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From sebb <seb...@gmail.com>
Subject Re: [math] Using reflection to test private methods
Date Sun, 02 Dec 2012 12:22:26 GMT
On 2 December 2012 09:58, Sébastien Brisard <sebastien.brisard@m4x.org> wrote:
> Hi
>
>
> 2012/12/1 Gilles Sadowski <gilles@harfang.homelinux.org>
>
>> On Sat, Dec 01, 2012 at 09:39:04PM +0000, sebb wrote:
>> > On 30 November 2012 11:43, Luc Maisonobe <Luc.Maisonobe@free.fr> wrote:
>> > > Le 30/11/2012 09:19, Thomas Neidhart a écrit :
>> > >> On Fri, Nov 30, 2012 at 8:06 AM, Sébastien Brisard <
>> > >> sebastien.brisard@m4x.org> wrote:
>> > >>
>> > >>> Hi,
>> > >>> I've already posted the same question in another thread [1], but
I
>> thought
>> > >>> having a dedicated thread would increase its visibility.
>> > >>>
>> > >>> Here is my problem. The new implementation of Beta.logBeta(double,
>> double)
>> > >>> I'm currently working on relies on several private methods through
a
>> rather
>> > >>> complex branching.
>> > >>> Due to this complicated branching, I find it much safer to have
>> direct
>> > >>> tests for these private methods, instead of relying on the tests
of
>> > >>> Beta.logBeta to validate these methods.
>> > >>> Therefore, in order to preserve encapsulation (these private methods
>> should
>> > >>> really remain private, and not package private, as I previously
did
>> [2]), I
>> > >>> propose to use reflection in the unit tests to access these private
>> > >>> methods. I've tested this option locally, it seems to me that it
is a
>> > >>> viable option.
>> > >>>
>> > >>> What do you think about this compromise?
>> > >>>
>> > >>
>> > >> imho, this is perfectly valid in such a specific case, and I had to
>> do the
>> > >> same in other projects occasionally.
>> > >
>> > > +1, and I used the same trick already in some projects.
>> >
>> > +1 to using reflection in test cases if necessary.
>> > [I don't see why that even needs a vote!]
>> >
>> > However, I don't see what the issue is with package-private methods,
>> > so long as the reason for the removal of the private qualifier is
>> > documented.
>> >
>> > If 3rd party application code creates classes in o.a.c.m packages,
>> > then any problems that result are entirely up to them to resolve...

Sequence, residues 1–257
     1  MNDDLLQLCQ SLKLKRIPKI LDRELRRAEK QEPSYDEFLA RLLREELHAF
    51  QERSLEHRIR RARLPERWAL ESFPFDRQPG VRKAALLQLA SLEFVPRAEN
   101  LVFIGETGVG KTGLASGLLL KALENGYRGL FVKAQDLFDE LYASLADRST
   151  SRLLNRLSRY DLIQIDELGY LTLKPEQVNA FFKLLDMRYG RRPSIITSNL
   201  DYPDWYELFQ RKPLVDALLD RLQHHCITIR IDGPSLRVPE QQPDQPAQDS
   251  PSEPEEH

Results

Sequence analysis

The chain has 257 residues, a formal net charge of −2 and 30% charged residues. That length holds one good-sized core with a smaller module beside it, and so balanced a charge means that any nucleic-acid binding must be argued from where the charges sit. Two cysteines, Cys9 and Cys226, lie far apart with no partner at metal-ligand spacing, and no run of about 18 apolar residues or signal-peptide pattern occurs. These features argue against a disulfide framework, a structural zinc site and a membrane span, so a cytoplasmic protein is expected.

>>
>> IMHO, that's really not the problem (i.e. I agree its theirs).
>> I just find it dirty from a desing point-of-view to have visibility scope
>> guided by how easy it would to test with Junit.
>> Scope in (useful) code should be guided by internal consistency (leaving
>> any
>> testing consideration).
>>
> I agree with you (mea culpa). If we ever need these auxiliary methods, we
> can increase their scope without breaking compatibility.
>
>
>> After some time, it becomes a soiurce or questioning ("Why is this code
>> package private?"). [And no, I don't think that it is enough reason to
>> state that reason (for "Junit" testing) is the documentation.]
>>
>> Sébastien's case rarely occurs, and his workaround is fine. So is his
>> willingness to provide exhaustive coverage!
>>
>>
>> Plus it was fun to use introspection (!). I learned something!
>
>
>> Best,
>> Gilles
>>
>
> Thanks anyway for this interesting conversation. I think this is a nice
> workaround, but sometimes the gap between "nice workaround" and "dirty
> trick" is very narrow indeed. I just wanted to check with all of you guys
> that I didn't go too far in the direction of the dirty tricks...

IMO test classes can use tricks that would not be suitable for the
main code classes; reflection seems perfectly OK for test classes.

However, of course tests may then break if private methods/fields etc
are renamed, so it might be as well to add a comment to the code to
say that the method is accessed from test code.


> Best regards,
> Sébastien

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